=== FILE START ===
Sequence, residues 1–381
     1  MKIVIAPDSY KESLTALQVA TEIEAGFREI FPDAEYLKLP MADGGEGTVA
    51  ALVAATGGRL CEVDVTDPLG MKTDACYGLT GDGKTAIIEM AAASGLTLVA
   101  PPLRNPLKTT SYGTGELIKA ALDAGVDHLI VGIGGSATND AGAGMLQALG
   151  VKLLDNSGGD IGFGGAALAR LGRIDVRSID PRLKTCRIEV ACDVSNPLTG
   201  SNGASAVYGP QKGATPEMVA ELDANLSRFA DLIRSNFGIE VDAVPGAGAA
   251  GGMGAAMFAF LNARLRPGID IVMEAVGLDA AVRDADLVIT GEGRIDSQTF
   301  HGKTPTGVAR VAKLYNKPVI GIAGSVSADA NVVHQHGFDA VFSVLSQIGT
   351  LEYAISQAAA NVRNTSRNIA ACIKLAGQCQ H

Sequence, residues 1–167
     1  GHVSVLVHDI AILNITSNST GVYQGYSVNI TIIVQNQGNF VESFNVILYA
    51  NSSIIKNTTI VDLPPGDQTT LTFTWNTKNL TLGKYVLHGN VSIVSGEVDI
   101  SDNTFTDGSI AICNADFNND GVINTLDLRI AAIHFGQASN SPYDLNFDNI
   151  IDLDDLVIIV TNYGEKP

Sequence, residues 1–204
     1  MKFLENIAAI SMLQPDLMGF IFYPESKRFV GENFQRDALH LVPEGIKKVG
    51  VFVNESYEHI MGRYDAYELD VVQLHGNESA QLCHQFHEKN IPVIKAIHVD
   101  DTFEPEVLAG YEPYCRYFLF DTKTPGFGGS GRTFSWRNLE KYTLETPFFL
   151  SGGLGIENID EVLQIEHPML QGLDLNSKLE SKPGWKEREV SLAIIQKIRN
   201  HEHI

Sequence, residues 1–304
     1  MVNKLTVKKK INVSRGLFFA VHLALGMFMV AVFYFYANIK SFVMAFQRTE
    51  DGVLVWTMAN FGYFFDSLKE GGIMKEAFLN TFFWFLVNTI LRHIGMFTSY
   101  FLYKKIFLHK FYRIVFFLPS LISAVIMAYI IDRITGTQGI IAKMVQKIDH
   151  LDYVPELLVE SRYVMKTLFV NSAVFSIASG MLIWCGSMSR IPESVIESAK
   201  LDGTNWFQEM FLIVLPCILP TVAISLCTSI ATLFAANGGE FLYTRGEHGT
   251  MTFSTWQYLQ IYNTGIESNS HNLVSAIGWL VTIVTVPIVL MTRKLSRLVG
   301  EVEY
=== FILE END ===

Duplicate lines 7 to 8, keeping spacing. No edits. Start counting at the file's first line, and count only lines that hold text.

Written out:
   251  GGMGAAMFAF LNARLRPGID IVMEAVGLDA AVRDADLVIT GEGRIDSQTF
   301  HGKTPTGVAR VAKLYNKPVI GIAGSVSADA NVVHQHGFDA VFSVLSQIGT